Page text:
This is a good example of the principle that if there’s a habit you really want to accomplish, it’s very helpful to schedule it first thing in the morning.

First of all, the Strategy of Scheduling — of explicitly putting an activity on the calendar — is very powerful. And for many people, if they don’t have time for something important to them, getting up earlier is a great strategy to reclaim some time.

Also, whenever possible, important habits should be scheduled for the morning. Mornings tend to unfold in the same way, and as the day goes on, more complications arise (whether real or invented).

Self-control is strongest in the morning, and self-control failures often happen at the end of the day. Activities like excessive gambling and alcohol abuse tend to happen at night, and the majority of impulsive crimes take place after 11:00 p.m.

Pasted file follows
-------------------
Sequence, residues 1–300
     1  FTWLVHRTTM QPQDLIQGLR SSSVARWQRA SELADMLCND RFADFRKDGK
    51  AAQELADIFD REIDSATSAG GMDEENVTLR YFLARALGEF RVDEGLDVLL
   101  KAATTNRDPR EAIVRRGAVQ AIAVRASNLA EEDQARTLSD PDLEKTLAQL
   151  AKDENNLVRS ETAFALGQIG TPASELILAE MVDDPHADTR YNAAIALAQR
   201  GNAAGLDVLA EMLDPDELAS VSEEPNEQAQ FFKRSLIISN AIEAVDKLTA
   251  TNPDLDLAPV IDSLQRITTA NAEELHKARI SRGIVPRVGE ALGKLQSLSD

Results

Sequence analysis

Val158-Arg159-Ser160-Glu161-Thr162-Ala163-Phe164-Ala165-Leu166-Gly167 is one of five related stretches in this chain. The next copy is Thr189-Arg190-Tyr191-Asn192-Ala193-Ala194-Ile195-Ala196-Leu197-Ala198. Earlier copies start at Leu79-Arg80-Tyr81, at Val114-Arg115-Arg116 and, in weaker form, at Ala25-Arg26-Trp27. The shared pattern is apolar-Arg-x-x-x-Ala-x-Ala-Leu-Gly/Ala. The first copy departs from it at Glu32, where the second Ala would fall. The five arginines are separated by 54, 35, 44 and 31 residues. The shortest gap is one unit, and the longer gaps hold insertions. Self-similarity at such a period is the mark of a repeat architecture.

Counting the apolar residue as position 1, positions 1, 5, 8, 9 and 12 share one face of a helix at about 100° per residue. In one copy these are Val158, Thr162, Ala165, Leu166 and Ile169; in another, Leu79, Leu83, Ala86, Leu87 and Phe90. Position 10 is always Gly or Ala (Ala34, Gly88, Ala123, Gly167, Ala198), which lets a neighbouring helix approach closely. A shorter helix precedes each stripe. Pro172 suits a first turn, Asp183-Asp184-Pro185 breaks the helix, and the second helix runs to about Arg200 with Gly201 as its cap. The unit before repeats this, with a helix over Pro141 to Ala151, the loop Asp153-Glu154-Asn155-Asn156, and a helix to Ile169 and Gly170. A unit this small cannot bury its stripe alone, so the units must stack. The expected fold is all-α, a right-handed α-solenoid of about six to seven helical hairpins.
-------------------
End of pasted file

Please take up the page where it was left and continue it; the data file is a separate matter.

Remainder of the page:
However, it’s true that some people are “Larks” (morning people) and some people are “Owls” (night people), and night people generally aren’t successful at trying to get up earlier to write, meditate, exercise, etc. — because the world is already forcing them to get up too early! Work, school, children…the logistics of life make it hard to be an Owl. So if you’re an Owl (which isn’t the same thing as someone who stays up too late to send a few last emails or to watch TV), trying to get up earlier probably won’t be helpful.

Have you ever been able to adopt a new habit by scheduling it first thing in the morning?